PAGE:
just these two:

i'm in love.

after enjoying the first three seasons of WEEDS during the past two weeks, i'm currently engrossed in the fourth season, thanks to TV on DVD and a great lending service that i like to call CassieFlix.  everyone on the show is great, but i really love Elizabeth Perkins and Mary-Louise Parker -- though i'm more drawn to the comedy and tragedy of Celia (Elizabeth Perkins).

this is a lot like my obsession with Ally McBeal in high school.  it's okay to like women who aren't real.  to like a real woman, on the other hand, would be unnatural and inappropriate.

Wednesday, March 9, 2011


occasionally i find myself thinking about personal blogs and the nature thereof.  blogging is an excellent means of venting anonymously, whether about work, dating, a lack of dates, or politics.  it's fortunate that so many people find comfort in putting down their semi-automatic weapons and picking up their laptops as an alternative.  

but we complain a lot.  don't we?  like... a lot.  

no judgment!   like i said, it's fortunate that blogging offers such a peaceful outlet, and one that is often (until something goes horribly wrong *cough* Pennsylvanian teachers) possible to accomplish anonymously and harmlessly.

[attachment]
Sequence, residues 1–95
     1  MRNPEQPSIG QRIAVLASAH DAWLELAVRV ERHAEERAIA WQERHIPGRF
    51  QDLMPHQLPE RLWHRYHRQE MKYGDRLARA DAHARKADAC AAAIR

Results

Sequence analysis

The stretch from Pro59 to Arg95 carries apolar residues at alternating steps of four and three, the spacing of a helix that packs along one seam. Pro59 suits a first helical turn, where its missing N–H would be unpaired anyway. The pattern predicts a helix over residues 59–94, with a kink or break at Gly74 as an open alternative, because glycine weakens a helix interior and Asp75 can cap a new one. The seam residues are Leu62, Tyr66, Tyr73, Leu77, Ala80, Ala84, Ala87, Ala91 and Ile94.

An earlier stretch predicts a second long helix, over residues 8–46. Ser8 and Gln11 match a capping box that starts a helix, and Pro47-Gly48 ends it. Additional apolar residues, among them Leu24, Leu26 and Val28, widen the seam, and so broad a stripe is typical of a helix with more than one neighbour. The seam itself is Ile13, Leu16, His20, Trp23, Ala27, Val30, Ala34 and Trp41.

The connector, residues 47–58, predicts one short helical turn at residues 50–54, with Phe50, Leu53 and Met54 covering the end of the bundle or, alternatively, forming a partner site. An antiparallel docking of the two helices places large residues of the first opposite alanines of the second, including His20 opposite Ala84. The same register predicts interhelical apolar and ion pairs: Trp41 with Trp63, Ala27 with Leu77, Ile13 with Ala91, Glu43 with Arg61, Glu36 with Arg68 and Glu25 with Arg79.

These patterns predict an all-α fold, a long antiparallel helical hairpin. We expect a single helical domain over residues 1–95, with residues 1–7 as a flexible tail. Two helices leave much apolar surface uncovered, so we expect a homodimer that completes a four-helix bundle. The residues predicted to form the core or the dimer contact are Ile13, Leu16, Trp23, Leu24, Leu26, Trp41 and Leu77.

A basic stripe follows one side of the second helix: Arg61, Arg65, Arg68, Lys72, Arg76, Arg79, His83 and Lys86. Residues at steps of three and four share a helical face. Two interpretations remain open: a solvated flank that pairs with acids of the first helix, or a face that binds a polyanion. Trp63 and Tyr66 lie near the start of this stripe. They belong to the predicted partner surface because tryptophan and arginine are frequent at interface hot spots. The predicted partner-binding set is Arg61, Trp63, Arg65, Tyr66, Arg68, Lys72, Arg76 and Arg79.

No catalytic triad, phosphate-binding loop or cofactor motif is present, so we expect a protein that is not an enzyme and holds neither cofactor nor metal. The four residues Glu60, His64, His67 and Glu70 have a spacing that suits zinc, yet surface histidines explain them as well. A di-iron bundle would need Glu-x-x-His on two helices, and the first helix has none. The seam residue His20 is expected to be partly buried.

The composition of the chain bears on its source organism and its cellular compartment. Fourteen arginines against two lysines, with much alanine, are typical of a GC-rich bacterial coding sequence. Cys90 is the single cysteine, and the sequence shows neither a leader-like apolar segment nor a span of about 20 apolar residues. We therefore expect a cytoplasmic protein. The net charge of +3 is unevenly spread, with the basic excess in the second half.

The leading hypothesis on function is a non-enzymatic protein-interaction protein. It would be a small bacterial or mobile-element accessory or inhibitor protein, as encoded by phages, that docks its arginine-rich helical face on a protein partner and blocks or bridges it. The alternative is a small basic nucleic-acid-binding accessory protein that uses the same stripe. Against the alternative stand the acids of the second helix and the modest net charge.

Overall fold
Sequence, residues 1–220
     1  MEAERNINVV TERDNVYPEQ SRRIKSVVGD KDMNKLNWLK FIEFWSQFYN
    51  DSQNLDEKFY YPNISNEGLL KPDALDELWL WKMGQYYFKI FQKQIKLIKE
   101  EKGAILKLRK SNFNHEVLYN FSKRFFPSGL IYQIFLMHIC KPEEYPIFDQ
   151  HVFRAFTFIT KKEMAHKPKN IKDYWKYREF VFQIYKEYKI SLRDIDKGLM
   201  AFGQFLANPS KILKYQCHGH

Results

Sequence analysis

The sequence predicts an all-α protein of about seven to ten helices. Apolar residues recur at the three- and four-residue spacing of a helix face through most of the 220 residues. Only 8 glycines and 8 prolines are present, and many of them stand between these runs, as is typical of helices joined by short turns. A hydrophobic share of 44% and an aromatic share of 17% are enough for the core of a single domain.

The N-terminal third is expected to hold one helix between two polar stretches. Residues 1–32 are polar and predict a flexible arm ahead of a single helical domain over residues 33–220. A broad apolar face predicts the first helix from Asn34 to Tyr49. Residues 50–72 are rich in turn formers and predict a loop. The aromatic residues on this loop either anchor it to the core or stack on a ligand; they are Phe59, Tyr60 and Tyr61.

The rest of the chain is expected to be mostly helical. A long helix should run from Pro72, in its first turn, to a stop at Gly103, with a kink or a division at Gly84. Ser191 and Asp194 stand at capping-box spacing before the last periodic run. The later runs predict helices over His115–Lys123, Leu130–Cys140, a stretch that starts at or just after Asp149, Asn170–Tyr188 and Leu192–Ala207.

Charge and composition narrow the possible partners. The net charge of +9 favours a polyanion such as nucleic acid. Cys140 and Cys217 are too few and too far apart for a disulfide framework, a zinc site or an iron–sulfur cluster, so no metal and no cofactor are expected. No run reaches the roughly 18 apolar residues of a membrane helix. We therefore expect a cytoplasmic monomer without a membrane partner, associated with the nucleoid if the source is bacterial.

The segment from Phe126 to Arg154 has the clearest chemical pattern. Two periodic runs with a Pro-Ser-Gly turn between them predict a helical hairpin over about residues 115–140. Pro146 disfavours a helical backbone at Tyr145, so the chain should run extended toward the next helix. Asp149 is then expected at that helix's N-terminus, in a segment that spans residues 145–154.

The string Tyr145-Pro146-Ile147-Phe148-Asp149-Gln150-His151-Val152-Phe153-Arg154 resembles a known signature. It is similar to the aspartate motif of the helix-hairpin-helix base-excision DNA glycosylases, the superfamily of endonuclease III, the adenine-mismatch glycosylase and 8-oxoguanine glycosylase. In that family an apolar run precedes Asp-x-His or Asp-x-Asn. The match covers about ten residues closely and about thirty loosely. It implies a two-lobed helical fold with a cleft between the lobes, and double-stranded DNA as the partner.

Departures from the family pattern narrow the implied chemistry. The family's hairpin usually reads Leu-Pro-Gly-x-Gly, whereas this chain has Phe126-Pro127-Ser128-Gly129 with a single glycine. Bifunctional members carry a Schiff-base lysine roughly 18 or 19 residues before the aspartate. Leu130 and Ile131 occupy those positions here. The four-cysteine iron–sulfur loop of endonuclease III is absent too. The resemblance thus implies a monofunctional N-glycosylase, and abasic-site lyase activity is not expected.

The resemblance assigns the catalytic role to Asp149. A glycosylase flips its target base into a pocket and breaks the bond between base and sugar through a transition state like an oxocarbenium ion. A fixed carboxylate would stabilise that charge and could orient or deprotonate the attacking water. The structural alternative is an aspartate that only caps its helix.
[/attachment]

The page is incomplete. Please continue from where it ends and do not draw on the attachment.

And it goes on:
but for today, if only once and even if i'm alone in so doing in the blogosphere, i'd like to take a few moments to a) offer thanks for a random few of life's many, many blessings and b) remind you that, if you're sitting in front of your nice computer reading my blog, chances are you are very blessed, loved and surrounded by reasons to be thankful.  it's your choice whether or not you actually be thankful.

here are my random blessings:
  • my hair.  yeah, that is the first thing that comes to mind.  so?? i'm thankful for a full head of naturally highlighted hair, for which i got a compliment from a stranger this week.  my brother went bald at 20, and i'm nearing 30 with my hair intact.  hallelujah.